Big Question: ‘Should Colleges Be Allowed To Censor Campus Papers?’

The central question featured in a recent edition of Editor & Publisher’s popular “Critical Thinking” column touches on an issue — and activity — of immense personal interest: student press censorship.

Specifically, E&P staffer Nu Yang asked, “To what extent should administrators of public universities have the right to censor student newspapers that receive funding as part of their university affiliation?” Or asked another way, at the brass tacks level, as the headline shares: “Should Colleges Be Allowed To Censor Campus Papers?”

2Saba Hamedy, a young Boston University alumnae who previously ran The Daily Free Press, responds that simply because schools have the right to censor due to their ultimate ownership of the papers it does not mean they should carry out such draconian measures.

Hamedy: “When administrators make decisions on behalf of school newspapers, it is as if they forget the First Amendment even exists. However, it’s not up to the administrators to determine a journalist’s right. It is the role of a journalist to cover everything and anything newsworthy — and to sacrifice that, means sacrificing the credibility and value of a newspaper.”

I also gave my two cents to E&P.  I’m in agreement with Hamedy. A portion of my answer: “Universities — public or private, large or small — should have no right to censor the student media operating on their campuses, even those they fund, house, and allow distribution.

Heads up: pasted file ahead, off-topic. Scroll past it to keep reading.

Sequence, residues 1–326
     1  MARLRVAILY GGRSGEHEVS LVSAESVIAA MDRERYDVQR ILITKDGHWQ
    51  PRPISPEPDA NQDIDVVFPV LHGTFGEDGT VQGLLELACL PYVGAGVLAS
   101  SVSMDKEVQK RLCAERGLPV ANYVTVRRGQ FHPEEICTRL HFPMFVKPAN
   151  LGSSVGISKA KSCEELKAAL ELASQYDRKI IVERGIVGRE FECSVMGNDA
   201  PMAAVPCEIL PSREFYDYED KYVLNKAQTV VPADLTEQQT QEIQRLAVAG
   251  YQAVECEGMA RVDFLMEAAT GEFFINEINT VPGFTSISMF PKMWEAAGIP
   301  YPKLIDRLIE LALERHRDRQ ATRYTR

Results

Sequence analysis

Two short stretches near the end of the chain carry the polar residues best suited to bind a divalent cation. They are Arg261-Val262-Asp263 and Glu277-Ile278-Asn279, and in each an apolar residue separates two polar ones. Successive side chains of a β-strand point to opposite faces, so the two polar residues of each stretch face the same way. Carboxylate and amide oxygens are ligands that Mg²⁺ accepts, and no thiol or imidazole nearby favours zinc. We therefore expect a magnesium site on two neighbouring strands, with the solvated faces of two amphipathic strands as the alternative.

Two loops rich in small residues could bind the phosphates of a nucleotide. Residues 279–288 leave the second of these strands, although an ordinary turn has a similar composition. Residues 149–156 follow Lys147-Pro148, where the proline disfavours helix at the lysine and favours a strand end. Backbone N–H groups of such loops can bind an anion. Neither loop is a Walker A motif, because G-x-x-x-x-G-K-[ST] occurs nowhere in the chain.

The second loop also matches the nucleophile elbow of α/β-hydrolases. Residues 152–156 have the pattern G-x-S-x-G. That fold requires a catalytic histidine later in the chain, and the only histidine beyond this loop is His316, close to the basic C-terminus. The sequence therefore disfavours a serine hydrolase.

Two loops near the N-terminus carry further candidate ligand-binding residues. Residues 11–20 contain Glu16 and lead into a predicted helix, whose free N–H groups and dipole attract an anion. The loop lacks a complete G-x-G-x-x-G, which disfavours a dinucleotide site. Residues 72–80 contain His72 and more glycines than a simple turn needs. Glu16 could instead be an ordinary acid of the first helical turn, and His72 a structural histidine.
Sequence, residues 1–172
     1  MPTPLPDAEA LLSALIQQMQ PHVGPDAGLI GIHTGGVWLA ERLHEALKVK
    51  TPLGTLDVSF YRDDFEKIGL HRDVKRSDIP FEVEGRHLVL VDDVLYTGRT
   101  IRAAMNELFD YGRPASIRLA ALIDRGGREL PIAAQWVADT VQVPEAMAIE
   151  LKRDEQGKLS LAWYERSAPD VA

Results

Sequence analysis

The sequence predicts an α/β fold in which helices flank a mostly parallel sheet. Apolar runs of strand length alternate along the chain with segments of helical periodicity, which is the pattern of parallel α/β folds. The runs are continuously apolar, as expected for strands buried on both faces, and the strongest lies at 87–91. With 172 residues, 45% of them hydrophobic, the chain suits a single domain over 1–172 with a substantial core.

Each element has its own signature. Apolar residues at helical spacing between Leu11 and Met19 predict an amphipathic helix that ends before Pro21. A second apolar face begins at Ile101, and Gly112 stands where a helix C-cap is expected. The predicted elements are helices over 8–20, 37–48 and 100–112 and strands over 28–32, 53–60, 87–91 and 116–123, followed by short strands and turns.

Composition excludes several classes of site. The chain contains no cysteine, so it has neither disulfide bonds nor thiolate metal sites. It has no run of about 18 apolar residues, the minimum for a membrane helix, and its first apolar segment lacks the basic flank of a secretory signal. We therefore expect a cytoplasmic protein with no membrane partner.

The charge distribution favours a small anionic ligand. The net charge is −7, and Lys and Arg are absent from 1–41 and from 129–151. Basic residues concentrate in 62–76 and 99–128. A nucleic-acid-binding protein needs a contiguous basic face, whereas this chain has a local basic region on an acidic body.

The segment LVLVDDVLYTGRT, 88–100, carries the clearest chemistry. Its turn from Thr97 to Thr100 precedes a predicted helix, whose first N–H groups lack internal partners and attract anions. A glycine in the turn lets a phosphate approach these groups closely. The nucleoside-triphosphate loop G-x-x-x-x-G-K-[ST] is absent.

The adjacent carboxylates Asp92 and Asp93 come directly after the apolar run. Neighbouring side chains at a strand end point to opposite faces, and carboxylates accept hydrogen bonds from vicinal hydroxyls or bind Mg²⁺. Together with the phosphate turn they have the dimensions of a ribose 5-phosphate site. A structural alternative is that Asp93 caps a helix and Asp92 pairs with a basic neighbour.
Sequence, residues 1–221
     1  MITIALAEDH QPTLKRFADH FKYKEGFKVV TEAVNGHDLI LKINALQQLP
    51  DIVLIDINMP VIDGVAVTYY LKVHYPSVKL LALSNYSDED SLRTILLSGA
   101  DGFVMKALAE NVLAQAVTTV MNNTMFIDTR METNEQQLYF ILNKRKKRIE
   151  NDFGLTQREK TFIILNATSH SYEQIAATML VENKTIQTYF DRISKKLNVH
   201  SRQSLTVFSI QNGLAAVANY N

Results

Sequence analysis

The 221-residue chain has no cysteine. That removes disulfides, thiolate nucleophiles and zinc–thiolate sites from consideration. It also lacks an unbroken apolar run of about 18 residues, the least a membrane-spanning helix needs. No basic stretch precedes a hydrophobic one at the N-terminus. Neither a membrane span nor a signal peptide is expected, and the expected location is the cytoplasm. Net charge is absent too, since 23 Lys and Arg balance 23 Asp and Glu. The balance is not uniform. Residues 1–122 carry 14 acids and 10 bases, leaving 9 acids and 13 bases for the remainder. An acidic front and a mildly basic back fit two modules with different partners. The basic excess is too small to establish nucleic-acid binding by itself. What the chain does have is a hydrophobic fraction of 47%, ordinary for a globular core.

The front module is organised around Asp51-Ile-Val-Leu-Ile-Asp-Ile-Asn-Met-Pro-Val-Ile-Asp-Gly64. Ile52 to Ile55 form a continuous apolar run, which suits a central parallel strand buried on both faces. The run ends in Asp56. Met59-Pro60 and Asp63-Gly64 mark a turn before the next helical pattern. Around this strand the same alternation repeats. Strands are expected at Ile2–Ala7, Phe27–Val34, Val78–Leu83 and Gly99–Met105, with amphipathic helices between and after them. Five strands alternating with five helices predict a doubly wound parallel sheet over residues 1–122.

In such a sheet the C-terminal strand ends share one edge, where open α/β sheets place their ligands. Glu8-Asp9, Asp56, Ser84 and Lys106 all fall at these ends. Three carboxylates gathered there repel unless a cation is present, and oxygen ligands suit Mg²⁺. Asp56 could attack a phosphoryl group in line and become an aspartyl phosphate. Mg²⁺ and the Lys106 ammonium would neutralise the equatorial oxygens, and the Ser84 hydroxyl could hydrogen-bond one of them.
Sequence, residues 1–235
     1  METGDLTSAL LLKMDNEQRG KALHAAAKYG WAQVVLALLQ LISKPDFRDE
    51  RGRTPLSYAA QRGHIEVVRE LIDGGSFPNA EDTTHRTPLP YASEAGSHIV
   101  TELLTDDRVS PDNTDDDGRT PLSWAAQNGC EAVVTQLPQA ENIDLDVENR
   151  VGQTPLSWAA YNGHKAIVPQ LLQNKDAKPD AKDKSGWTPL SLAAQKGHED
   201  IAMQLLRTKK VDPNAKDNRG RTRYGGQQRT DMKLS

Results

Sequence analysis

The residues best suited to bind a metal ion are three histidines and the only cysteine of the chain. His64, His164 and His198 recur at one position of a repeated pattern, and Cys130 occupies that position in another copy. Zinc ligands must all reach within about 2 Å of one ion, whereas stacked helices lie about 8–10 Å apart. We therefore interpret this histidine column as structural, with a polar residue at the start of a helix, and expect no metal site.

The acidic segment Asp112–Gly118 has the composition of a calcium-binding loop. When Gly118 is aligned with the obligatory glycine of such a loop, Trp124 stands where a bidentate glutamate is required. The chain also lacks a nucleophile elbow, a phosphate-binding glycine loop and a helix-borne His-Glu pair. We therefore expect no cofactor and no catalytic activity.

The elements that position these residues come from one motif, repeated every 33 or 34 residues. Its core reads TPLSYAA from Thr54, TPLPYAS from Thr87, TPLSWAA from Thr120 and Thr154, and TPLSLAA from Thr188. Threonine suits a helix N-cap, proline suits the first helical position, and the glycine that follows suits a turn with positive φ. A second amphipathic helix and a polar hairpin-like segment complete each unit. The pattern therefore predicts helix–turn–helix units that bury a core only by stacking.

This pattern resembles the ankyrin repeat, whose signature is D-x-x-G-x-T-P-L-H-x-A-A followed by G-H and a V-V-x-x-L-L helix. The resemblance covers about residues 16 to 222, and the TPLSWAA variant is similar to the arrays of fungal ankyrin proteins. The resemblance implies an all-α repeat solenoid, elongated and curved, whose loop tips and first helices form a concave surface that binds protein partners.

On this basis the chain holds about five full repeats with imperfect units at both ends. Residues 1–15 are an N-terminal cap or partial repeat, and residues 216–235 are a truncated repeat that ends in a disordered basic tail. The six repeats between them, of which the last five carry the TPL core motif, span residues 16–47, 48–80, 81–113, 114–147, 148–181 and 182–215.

Schools should grant student newspapers basic press freedoms for the same reason they field football teams with pads. Without them, students get hurt. They then become more cautious, undoubtedly affecting their performance. And they subsequently fail to learn the game the way it should be played.

“At most schools, plenty of student press pads — or safeguards — already exist. Faculty advisers, business managers, for-credit practicums, campus media boards, and student activities fee committees all provide financial and editorial supervision. By censoring, administrators bypass these safeguards, making them seem just as unimportant as the student press itself. . . .”

To read the rest, click here or on the screenshot below.


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